Council shuns IRIS shared software consortium

It was a surprise to everyone, even Bay of Plenty Regional Council, when an evaluation led it to choose software from US company Accela.

Bay of Plenty Regional Council has hatched a software surprise, opting not to join a consortium of New Zealand regional councils using a shared, purpose-built software platform.

The council, on the east coast of the North Island, will implement software from US company Accela rather than the Integrated Regional Information System (IRIS) developed and used by six other councils.

The decision means the development and maintenance costs of the IRIS platform will remain with the six current members -- Northland, Horizons, Taranaki, Waikato, West Coast, and Environment Southland -- rather than being shared more broadly.

Mike Nield, director of corporate services at Taranaki Regional Council, said IRIS has a sustainable model and funding for IRIS' 10-year development plan.

"Yes, we are disappointed and would love to have them on board," he said.

A Bay of Plenty Regional Council report from last May (PDF) indicated that the council and neighbouring Gisborne District Council were both considering joining IRIS.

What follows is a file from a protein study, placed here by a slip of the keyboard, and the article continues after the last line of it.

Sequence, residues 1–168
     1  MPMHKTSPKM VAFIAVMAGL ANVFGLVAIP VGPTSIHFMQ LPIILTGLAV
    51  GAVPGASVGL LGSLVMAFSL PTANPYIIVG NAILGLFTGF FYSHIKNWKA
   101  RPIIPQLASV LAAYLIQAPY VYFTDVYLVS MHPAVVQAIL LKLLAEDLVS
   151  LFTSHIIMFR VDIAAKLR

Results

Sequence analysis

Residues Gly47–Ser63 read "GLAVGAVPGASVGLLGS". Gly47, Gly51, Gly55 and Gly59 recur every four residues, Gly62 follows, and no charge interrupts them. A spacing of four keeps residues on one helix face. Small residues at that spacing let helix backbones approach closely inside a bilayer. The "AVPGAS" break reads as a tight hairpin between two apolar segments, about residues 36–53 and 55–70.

Deputy chief executive Eddie Grogan indicated that Gisborne considered IRIS to be a front-runner in its procurement decision. Bay of Plenty had already consulted with interested parties and received four submissions supporting IRIS membership.

However, Bay of Plenty decided to put its procurement out to open tender, a process that has now led it to select Accela.

"After a robust tender process, we decided Accela best met both our current and anticipated requirements," Grogan told ZDNet. "Implementation is staggered; however, the organisational efficiencies this will enable will be noticeable from as early as October this year."

Grogan's May report said many council applications that are used to capture core information are fragmented, cumbersome, and present operational risk. Users are spending too much time recording and maintaining data.

"Out-of-date software applications [are] constraining system upgrades, preventing functional gaps from being filled, and using development capacity to 'band-aid' current solutions," the report said.

The council won't be alone in using Accela in New Zealand. Other users include Otago Regional Council, Environment Canterbury, and, in its own coverage area, Tauranga City.

Accela offers a purpose-built civic platform that comes either pre-configured or can be customised. It also offers open data and process automation out of the box, as well as a software development kit.

For IRIS, Nield said, it is "business as usual".

"We remain open to them seeing the error of their ways and joining," he joked. "No, they've been through a process and we wish them all the best."